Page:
3CX admits supply chain attack

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3CX admits supply chain attack

Trojanised version of the 3CX desktop VoIP app observed communicating with C2 servers

Communications app maker 3CX on Thursday acknowledged that its Windows VoIP app "includes a security issue" and has been the subject of a software supply chain attack, amid reports from cybersecurity researchers about an active campaign using the app to target 3CX customers.

"This appears to have been a targeted attack from an advanced persistent threat, perhaps even state sponsored, that ran a complex supply chain attack" using the Windows version of the app, 3CX chief information security officer Pierre Jourdan wrote in a post Thursday.

"We apologise profusely for what occurred and we will do everything in our power to make up for this error," he wrote.

On Wednesday, researchers from CrowdStrike, Sophos and SentinelOne published blog posts detailing their findings on an attack that appears to have compromised the 3CX desktop app, disclosing that they've observed malicious activity originating from a trojanised version of the desktop VoIP app from 3CX.

The attack has involved utilising a code-signing certificate to provide the software's trojanised binaries with legitimacy, according to researchers.

Notable past software supply chain compromises have included the widely felt attacks on SolarWinds, Kaseya and Codecov.

3CX reports on its website that it has more than 600,000 customers, with sales exclusively through its network of 25,000 partners. Major customers listed by 3CX include American Express, McDonald's, Coca-Cola, NHS, Toyota, BMW and Honda.

In the 3CX post, Jourdan wrote that the problem appears to be in one of the bundled libraries that it compiled into its Windows app via the open-source version control system Git. The company is still researching the issue, he said.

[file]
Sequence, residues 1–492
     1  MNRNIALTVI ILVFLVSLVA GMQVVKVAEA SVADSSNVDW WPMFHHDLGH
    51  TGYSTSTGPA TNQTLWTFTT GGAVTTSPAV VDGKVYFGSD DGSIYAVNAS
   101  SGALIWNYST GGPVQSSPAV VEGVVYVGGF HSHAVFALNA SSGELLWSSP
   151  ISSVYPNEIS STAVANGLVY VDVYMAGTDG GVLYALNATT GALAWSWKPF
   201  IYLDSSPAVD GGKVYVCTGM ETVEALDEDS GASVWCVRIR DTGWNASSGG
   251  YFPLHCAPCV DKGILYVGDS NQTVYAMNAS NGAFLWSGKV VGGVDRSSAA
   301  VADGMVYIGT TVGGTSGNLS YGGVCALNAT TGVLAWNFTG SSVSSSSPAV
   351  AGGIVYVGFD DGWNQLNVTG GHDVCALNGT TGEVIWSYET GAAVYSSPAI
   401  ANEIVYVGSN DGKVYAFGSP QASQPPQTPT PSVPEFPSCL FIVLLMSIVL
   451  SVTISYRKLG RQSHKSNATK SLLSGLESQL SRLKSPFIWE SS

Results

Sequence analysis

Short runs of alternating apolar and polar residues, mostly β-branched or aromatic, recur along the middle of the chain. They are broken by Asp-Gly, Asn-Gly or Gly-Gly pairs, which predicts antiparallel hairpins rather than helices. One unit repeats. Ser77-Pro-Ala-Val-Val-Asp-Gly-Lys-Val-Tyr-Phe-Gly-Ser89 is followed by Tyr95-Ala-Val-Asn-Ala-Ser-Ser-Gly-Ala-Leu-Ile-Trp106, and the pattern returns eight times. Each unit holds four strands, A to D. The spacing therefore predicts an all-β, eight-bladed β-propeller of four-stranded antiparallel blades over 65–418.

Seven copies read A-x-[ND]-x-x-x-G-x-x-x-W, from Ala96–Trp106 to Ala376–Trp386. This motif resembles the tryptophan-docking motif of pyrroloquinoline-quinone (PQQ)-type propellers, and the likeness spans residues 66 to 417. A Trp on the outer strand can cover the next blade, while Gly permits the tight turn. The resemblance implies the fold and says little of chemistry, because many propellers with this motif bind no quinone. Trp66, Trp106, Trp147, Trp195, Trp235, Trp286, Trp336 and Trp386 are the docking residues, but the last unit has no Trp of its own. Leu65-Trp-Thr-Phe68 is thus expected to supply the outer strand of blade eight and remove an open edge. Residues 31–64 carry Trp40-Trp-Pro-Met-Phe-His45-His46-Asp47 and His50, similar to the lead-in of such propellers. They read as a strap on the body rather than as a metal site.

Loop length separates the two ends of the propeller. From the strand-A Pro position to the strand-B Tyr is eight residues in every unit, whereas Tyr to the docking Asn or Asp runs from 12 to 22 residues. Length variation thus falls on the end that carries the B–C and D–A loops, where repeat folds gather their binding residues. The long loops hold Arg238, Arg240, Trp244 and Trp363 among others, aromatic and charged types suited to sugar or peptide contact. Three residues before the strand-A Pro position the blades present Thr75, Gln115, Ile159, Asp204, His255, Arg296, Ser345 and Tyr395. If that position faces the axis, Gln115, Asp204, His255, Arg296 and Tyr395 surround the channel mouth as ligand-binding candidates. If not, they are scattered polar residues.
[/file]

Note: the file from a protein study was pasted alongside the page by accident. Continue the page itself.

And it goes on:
The "majority" of domains that were contacted by the compromised library have been taken down at this point, and a GitHub repository that listed the libraries has been shut down as well, according to Jourdan.

According to Sophos researchers, the affected 3CX application "has been abused by the threat actor to add an installer that communicates with various command-and-control (C2) servers."

Sophos said it has only confirmed that Windows is affected, while CrowdStrike researchers wrote that malicious activity has been detected on macOS as well as Windows.

"The malicious activity includes beaconing to actor-controlled infrastructure, deployment of second-stage payloads, and, in a small number of cases, hands-on-keyboard activity," the CrowdStrike researchers wrote.

SentinelOne researchers, which dubbed the campaign "SmoothOperator," disclosed that they observed a "spike in behavioural detections of the 3CXDesktopApp" starting on March 22.

"The trojanised 3CXDesktopApp is the first stage in a multi-stage attack chain," the researchers wrote in the SentinelOne post.

This article first appeared in CRN.

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